A ceremony to dedicate a military tombstone marking the grave of Private A.K. Bryant of the 50th Virginia Infantry was held on Memorial Day, Monday, May 29. The dedication at the small Bock Cemetery near the Illinois/Indiana state line opened with the unveiling of the stone. Two of the Confederate veteran’s descendants, Renie Latoz and Sandy McElroy, removed a family heirloom quilt to reveal the newly placed stone.
The ceremony was presented by the Ward Hill Lamon Civil War Roundtable and Illiana Civil War Historical Society. First National CSA and USA Flags were placed, two handfuls of soil from Gettysburg where Private Bryant had marched (by permission from private property) and flower petals were strewn on the grave by Rhea Weatherford and Suzie Cheeks. A wreath and flowers were presented by the CWRT. A commemorative medallion minted by David Tatum, Jr. of Virginia was placed on the headstone by 9-year-old Duncan Auter. A scripture reading was given by Tara Auter, and Larry Weatherford presented the Dedicatory Remarks.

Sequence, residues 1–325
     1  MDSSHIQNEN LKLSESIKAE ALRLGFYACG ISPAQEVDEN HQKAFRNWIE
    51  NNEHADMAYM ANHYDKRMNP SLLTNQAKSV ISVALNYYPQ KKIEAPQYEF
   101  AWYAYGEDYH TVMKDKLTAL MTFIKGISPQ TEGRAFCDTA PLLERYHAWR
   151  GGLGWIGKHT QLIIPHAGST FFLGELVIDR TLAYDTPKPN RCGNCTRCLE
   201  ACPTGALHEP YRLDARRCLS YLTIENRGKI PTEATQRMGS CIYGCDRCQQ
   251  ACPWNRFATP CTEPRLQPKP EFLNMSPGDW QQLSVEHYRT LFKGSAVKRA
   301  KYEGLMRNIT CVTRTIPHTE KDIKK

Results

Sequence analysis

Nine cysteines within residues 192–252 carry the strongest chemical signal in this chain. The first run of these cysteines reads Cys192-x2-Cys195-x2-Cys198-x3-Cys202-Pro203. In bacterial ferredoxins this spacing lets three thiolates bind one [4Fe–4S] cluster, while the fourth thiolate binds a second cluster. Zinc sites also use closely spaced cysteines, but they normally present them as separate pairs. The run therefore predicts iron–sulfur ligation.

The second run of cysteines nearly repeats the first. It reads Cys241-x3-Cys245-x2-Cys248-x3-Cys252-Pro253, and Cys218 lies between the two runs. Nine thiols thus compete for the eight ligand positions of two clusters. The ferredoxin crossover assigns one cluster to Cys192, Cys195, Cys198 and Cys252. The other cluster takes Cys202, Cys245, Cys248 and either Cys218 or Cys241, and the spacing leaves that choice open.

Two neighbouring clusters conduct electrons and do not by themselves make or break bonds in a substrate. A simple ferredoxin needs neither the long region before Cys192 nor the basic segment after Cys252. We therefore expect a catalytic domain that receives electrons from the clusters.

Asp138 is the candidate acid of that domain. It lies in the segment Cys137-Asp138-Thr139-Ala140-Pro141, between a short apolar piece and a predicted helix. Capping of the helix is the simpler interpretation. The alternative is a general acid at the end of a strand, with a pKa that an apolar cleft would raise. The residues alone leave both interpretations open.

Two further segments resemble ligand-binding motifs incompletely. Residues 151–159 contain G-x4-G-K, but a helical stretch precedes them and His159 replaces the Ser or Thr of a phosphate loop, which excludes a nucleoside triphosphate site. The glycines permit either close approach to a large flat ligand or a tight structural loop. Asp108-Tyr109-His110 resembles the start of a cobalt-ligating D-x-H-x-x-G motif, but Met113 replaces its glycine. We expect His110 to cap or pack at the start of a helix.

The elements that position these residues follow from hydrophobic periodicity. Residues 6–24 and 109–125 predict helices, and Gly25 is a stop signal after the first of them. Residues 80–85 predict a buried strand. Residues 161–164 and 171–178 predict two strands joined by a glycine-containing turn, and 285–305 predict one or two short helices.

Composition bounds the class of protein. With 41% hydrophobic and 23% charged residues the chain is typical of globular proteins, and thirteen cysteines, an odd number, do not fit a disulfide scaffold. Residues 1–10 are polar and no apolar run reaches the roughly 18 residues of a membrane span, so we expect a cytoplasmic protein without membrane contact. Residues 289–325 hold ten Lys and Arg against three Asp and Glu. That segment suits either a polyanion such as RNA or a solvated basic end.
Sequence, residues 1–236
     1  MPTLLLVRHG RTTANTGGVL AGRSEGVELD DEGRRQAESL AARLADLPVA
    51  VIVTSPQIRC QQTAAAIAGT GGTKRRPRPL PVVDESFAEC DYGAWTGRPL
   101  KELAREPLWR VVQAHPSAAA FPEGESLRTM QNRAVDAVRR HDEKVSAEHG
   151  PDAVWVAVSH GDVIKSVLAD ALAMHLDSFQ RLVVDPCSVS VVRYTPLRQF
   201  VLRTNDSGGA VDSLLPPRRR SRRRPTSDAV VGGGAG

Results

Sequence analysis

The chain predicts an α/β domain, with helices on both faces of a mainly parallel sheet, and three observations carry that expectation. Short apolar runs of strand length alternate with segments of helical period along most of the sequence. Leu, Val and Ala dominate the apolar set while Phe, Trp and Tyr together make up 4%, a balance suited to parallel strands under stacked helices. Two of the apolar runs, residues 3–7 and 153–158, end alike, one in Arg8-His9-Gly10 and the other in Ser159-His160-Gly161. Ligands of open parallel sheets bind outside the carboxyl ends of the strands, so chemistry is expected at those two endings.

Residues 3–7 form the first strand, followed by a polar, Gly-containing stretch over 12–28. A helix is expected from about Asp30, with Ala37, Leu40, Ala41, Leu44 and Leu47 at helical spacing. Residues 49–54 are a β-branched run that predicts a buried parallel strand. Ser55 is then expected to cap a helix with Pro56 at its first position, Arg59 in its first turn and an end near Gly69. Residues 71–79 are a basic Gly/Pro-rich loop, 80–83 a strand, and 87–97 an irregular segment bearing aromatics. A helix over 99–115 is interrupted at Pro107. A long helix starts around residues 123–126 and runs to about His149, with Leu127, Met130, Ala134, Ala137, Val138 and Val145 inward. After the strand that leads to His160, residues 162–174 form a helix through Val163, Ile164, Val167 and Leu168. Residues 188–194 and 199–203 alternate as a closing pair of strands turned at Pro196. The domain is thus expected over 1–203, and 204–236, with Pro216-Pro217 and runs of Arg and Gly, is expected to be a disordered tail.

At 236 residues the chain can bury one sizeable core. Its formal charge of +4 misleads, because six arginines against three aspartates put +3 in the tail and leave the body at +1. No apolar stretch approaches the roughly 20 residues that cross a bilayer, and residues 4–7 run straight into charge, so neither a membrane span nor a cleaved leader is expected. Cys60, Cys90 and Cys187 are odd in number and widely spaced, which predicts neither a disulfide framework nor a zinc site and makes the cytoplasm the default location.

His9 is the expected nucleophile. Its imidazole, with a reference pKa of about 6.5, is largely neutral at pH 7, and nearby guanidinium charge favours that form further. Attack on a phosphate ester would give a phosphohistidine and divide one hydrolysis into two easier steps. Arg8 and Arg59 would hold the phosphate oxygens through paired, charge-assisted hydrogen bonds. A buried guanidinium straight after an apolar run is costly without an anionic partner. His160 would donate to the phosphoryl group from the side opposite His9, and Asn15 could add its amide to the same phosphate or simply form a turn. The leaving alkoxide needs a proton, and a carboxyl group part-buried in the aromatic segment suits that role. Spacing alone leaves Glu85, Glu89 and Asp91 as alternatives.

“It was a little eerie,” Auter said, “as Larry was talking about Gettysburg, a burst of wind came through at the perfect moment and a medallion on the page marker in the 1862 Bible I was holding suddenly flew off the end of the fabric marker in the direction of the stone.”
A three- volley salute was presented by an Honor Guard of reenactors dressed in blue and gray, commanded by Eugene Bencomo. The names of eleven other veterans buried at the small cemetery were read, and another volley was fired in their honor.
Suzie and Jeff Cheeks of Gettysburg, who are members of the Illinois groups took part in the event, and also represented Civil War Historical Impressions, a group which features Living History presentations at Gettysburg and other Eastern battlefields and locations. Harry Sonntag, founder of CWHI, said, “We were pleased to have our members reach out to honor this Virginian who traveled west with his family after the War.”
Weatherford said that more dedications are planned for the late summer and fall. Those will include stones for an African-American Civil War soldier who stayed in the Army after the War to serve as a Buffalo Soldier, an Illinois Union Colonel, and another Virginian who was at Gettysburg.
-By Tara Auter
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